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The Bhagavad Gita

Translated by Ramanand Prasad

 

This translation is reproduced with the permission of the translator, Dr. Ramanand Prasad, of the American Gita Society. Please see the copyright notice at the bottom of this document before reproducing this text.

 

CHAPTER 4
Path of Renunciation with Knowledge

 
4.01   The Supreme Lord said: I taught this imperishable (science of right action, or) Karma-yoga to (King) Vivasvaan. Vivasvaan taught it to Manu. Manu taught it to Ikshavaaku.
   
4.02   Thus handed down in succession the royal sages knew this (Karma-yoga). After a long time the science of Karma-yoga was lost from this earth.
   
4.03   Today I have described the same ancient science to you, because you are my sincere devotee and friend. Karma-yoga is a supreme secret indeed.
   
4.04   Arjuna said: You were born later, but Vivasvaan was born in ancient time. How am I to understand that You taught this yoga in the beginning (of the creation)?
   
4.05   The Supreme Lord said: Both you and I have taken many births. I remember them all, O Arjuna, but you do not remember.
   
4.06  

Though I am eternal, imperishable, and the Lord of all beings; yet I (voluntarily) manifest by controlling My own material nature using My Yoga-Maya.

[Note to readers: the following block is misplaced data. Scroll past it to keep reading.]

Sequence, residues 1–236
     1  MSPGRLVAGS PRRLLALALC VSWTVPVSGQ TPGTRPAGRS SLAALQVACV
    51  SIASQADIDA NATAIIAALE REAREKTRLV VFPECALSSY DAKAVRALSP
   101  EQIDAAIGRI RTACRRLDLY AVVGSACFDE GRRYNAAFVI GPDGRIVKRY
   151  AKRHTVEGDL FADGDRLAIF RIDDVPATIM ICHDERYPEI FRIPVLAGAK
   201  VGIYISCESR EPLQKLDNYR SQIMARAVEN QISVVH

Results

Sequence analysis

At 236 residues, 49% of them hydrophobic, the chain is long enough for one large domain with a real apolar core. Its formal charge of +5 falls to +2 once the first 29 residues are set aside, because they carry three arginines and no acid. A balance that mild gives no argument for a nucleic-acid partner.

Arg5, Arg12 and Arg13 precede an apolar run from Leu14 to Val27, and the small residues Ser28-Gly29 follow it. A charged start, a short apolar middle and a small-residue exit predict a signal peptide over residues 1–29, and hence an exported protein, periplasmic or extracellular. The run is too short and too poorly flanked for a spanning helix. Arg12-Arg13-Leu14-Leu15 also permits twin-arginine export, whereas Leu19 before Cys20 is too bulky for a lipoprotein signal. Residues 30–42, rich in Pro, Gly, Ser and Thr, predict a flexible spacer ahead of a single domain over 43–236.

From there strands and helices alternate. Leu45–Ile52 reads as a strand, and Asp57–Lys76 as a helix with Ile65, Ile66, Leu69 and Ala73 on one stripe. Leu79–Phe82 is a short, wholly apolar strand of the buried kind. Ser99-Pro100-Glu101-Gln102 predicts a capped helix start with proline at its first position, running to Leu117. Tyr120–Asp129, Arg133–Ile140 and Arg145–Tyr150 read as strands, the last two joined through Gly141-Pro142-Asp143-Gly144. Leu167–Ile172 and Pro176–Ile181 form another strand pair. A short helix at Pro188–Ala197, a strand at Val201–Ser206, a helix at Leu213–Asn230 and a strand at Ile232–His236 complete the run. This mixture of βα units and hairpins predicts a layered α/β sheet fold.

Translator's note: see also 10.14

   
4.07-08   Yoga-Maya is same as Maya; the supernatural, extraordinary, and mystic power of Brahman. The word Maya means unreal, illusory, or deceptive image of the creation. Due to the power of Maya one consider the universe as existent and distinct from Brahman, the Supreme spirit. Brahman is invisible potential energy; Maya is kinetic energy, the force of action. They are inseparable like fire and heat. Maya is a metaphor used to explain the visible world or Jagat to common people. Whenever there is a decline of Dharma and the rise of Adharma, O Arjuna, then I manifest (or incarnate) Myself. I incarnate from time to time for protecting the good, for transforming the wicked, and for establishing Dharma, the world order.
   
4.09   The one who truly understands My transcendental birth and activities (of creation, maintenance, and dissolution), is not born again after leaving this body and attains My abode, O Arjuna.
   
4.10   Freed from attachment, fear, and anger; fully absorbed in Me, taking refuge in Me, and purified by the fire of Self-knowledge, many have attained Me.
   
4.11   With whatever motive people worship Me, I reward them (or fulfill their desires) accordingly. People worship (or approach) Me with different motives.
   
4.12   Those who long for success in their work here (on the earth) worship the demigods (or Devas). Success in work comes quickly in this human world.
   
4.13  

The four Varna or divisions of human society, based on aptitude and vocation, were created by Me. Though I am the author of this system, one should know that I do nothing and I am eternal.

Translator's note: see also 18.41